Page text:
You do have to remember that some of Charles Murray's views of welfare changed from the period he wrote Losing Ground to the period he co-authored The Bell Curve. Randall, I do not understand how emphasizing personal responsibility for some people on welfare will help them. You do have to remember that some people lack the capacity for exercising personal responsibility. You seem to be one of the few conservatives who understands that. So what are the other "moral hazards" and "harm" caused by the welfare state on its recipients (and the long term damage)? I do not see how programs such as the EITC promote moral hazard; in fact, it is integral for the well-being of people who do not have the leverage in the labor market to negotiate for high wages. Moreover, I do not see how expanding medical coverage for those who do not have enough leverage in the labor market to acquire it independently promotes those effects too. To the contrary, I probably see a dysgenic effect in promoting child credits – I want to promote a childless lifestyle for the unfortunate.

Randall Parker said at April 12, 2008 2:49 PM:

HellKaiserRyo,

Personality responsibility: It is possible to construct a system where the less intelligent and more impulsive will behave more responsibly. Now, they won't behave with a high level of responsibility. But for most of them behavior improvement is possible.

For example, high tech methods to enforce timely car payments work.

A new gizmo is upping the odds that even the most hard-knock customer will come up with the car payment. Hooked into the ignition system, the gadget comes in a handful of versions with one common conclusion:

No pay, no start.

It's worked wonders at Norfolk's Patriot Auto Sales, where nearly every car that drives off the lot is outfitted with a PayTeck Smart Box, a system that hands over a five-digit code in exchange for each payment. Come due date, the car won't crank until the customer punches the code into a palm-size keypad wired into the dash.

This is great for people who think with really short time lines.

Here's another device that works similarly to decrease car loan default rates:

Sekurus was founded in 1999 and started selling On Time, as the device is called. It has sold 250,000 at up to $250 each. Most are bought by finance companies or dealers who cater to the most troubled car buyers, those who need basic transportation yet have checkered credit histories.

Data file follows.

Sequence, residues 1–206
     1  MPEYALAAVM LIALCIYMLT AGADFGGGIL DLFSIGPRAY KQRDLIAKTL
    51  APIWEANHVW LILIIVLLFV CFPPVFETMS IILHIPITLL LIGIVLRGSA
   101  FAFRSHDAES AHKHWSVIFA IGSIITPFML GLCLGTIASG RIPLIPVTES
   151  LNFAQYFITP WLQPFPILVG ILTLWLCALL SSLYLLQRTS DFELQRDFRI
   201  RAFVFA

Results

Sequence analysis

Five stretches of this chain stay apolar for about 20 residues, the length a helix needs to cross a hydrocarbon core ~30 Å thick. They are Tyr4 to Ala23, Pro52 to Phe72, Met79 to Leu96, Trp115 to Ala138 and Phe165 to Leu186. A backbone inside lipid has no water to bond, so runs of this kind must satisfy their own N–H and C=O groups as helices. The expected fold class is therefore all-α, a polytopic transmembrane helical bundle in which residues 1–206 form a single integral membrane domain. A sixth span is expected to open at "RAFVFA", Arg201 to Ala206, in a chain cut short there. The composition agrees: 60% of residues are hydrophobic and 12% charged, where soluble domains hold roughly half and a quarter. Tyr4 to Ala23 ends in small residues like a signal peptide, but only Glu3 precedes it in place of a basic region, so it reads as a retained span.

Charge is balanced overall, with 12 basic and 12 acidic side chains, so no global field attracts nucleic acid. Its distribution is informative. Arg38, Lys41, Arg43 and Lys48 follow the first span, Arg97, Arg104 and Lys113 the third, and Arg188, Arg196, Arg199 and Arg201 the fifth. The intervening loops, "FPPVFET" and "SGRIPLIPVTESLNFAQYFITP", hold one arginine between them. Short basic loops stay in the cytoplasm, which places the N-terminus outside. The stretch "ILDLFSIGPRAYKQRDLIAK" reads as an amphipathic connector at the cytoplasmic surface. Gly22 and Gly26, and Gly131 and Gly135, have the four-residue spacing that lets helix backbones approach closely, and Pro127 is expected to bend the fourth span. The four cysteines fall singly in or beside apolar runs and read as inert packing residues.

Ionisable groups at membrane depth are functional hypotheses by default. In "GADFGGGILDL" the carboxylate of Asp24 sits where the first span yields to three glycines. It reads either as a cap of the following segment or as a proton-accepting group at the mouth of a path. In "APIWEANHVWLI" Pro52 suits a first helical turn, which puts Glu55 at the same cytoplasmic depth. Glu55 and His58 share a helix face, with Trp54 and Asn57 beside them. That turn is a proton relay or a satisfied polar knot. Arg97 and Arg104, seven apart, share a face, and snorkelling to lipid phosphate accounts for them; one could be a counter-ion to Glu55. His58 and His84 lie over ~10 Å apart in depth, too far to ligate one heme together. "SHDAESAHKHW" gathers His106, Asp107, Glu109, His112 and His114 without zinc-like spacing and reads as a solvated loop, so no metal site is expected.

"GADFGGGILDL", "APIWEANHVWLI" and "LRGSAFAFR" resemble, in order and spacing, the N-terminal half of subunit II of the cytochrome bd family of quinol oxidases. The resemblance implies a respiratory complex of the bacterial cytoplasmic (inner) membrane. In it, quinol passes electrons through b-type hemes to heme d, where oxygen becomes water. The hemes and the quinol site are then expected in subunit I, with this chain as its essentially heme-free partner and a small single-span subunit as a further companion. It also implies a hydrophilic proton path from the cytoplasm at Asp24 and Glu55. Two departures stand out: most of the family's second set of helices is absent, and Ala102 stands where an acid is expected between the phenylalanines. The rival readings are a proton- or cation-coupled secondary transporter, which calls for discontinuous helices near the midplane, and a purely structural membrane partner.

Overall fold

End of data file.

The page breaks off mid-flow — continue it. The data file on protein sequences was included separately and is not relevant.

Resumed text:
The box's LED light starts blinking when a payment is nearly due. On deadline day, the unit not only blinks, but beeps. Motorists find it so annoying that it drives "them absolutely nuts," Simon says.

When the customer makes the payment, the lender gives them a six-digit code to enter into the box.

The device lowers default rates for subprime auto loan borrowers that typically run about 30% to about 5%, according to Simon. When default rates fall, lenders feel more secure offering financing for more valuable cars to high-risk customers. By forcing buyers to pay on time, the device also rebuilds their credit record.

Why or how would EITC increase labor market bargaining leverage? If someone has more cash and there is less in need of a job they become less likely to work. That strikes me as a moral hazard.

If you want to stop dysgenesis then tie welfare payments to use of birth control.

Medical coverage: It is hard to incentivize people with short attention spans to buy medical insurance to deal with some health problem that might show up months or years from now. But if you just plain give them health coverage then they have less incentive to work and less incentive to hold back on consuming other goods and services.

Child credits: A income deduction for children on tax forms reduces total dollars paid in taxes more for those who have higher tax rates. One could fashion tax handling of children that even more severely benefits the affluent rather than the lower income.

HellKaiserRyo said at April 12, 2008 5:35 PM:

Medical coverage: it is also harder to incentivize people who do not have the money to afford private health insurance to buy it. The only solution I can think of to provide these people with health insurance is Pareto inefficient, but morally acceptable in a utilitarian framework. But I find your claims about incentives regarding health insurance to be risible. Do you have any evidence that people with lower IQs (or lower incomes if you deem that a worthy proxy) will act more cautiously about their health if they are deprived of health insurance? There is evidence that people who have Medicaid have better health outcomes than those who do not. (http://www.cbpp.org/7-19-05health.htm). I do not expect that lower IQ people will utilize health care in the same fashion as more intelligent people, but it does seem that giving them health care improves outcomes. I do not think any wonk has the ability to make policy recommendations that will eliminate health inequalities.

EITC... I do not see how it provides a negative incentive, but it does give people an incentive to work as it does offset the payroll tax. I do not expect some people who get the EITC have the ability to get the necessary training to acquire a higher paying job. The phase-in of the EITC gives people an incentive to work harder.

Dragon Horse said at April 12, 2008 6:26 PM: